You walk into a restaurant for a quick lunch and decide to have a glass of wine with your meal. The wine is served and you proceed to consume most of it before your food arrives. Do you order a second glass, or do you prudently decline because it's really too early to begin happy hour?
If it's me and I'm dining at one of my favorite San Diego haunts, Cafe Chloe, I follow the first glass of wine with a half-glass and finish lunch without the guilt.
I don't have a crystal ball, but I certainly know some of the wine trends I would like to see in 2017. The half-glass of wine is one of them, for obvious reasons. Sometimes you want just a little more -- a full glass is too much.
I'm surprised that more restaurants don't offer the half-glass option. I'm even more surprised when it's not offered at a restaurant that features an exceptional and carefully curated wine-by-the-glass (WBG) program. If a restaurant's WBG offerings are seriously interesting, I might want to try a selection. The half-glass format opens the door to exploration and exposes diners to wines they might otherwise be too timid to try, since a full glass of something unpleasant to the palate is too much.
Now that so many restaurants have gone to measured pours for their wines by the glass, a half-glass pour should be a no-brainer.
Another no-brainer is the screwcap closure now used on many white wines that are produced for immediate consumption. I have many friends who will always choose a screwcap wine over one with a traditional cork for the convenience aspect alone.
For one thing, many everyday wine drinkers have not mastered the art of extracting a cork with a corkscrew. But the most important factor in their buying decision is how the bottle fits in their refrigerator. With a traditional cork, once you've poured a glass of wine you wedge the cork back into the bottle and return it to the fridge, but it doesn't always fit. With a screwcap bottle, not only will it fit but you can even lay it on its side if space is tight.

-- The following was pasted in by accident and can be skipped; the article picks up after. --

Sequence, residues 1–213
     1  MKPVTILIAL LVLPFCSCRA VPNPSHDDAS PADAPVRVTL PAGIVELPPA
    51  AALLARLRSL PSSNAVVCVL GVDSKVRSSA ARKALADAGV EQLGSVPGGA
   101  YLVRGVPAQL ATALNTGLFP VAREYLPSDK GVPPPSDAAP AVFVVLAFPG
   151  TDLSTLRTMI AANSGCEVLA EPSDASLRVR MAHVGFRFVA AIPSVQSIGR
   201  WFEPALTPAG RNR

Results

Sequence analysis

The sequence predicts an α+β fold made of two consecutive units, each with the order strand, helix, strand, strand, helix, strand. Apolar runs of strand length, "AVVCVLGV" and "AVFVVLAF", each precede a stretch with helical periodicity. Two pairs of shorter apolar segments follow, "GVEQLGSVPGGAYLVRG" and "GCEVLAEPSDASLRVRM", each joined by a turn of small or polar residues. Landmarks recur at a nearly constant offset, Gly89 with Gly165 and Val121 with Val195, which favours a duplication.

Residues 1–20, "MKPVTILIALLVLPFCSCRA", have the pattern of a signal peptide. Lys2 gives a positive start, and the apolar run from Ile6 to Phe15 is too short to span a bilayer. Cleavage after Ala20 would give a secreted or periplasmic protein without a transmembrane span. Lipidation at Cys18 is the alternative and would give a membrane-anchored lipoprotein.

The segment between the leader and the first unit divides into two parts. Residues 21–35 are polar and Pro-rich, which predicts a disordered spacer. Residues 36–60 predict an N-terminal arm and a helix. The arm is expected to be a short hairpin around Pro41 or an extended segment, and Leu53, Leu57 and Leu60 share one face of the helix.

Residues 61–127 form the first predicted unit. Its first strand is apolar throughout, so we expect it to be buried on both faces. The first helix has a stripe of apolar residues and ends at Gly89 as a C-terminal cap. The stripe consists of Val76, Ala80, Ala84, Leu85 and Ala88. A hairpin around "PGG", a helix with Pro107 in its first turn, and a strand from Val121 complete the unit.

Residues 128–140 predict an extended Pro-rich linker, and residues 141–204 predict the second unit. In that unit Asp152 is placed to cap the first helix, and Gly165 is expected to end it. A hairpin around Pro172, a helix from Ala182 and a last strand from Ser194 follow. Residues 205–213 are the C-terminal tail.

So, if you're a producer with a lineup that includes sauvignon blanc, riesling, gewurztraminer, albarino or gruner veltliner (or any light, crisp white wine), make the move to screwcap closures sooner rather than later. It's one more reason for someone to pick your wine off the shelf rather than the wine of a rival who's stuck in the past.
Corkage fees aren't going to go away anytime soon (nor should they), but I like the practice embraced by some restaurants of waiving the corkage fee on designated nights. This appeals to me on a number of levels, and it's not just about saving money. I know many serious wine collectors who resent having to pay a fee (sometimes as high as $50) to open their own wine in a restaurant. A designated night solves that problem.
It also puts that restaurant on my radar for one of those nights when I want to open a special bottle from my wine collection in company with the ambiance and exceptional cuisine you might find in a fine-dining white-tablecloth eatery.
I also encourage the practice of many restaurants of waiving the corkage fee if you also order a bottle from the restaurant wine list. We should all be sensitive to the necessity of corkage fees -- most restaurants need revenue from liquor sales to stay in business. But an occasional break in the fee is a welcome treat. I never expect it, but I always appreciate the gesture.
Finally, I would like to see more restaurants turn to professional sommeliers to curate their wine program. The cheap way out is to let a sales rep or two determine the wine list. That's old school, and it doesn't cut it any longer in a world that is better-informed about wine than at any other time in history.
No restaurant holds my interest for very long if it doesn't have a solid wine list that is designed to complement its cuisine, as well as a wine-by-the-glass program that offers variety combined with quality and value.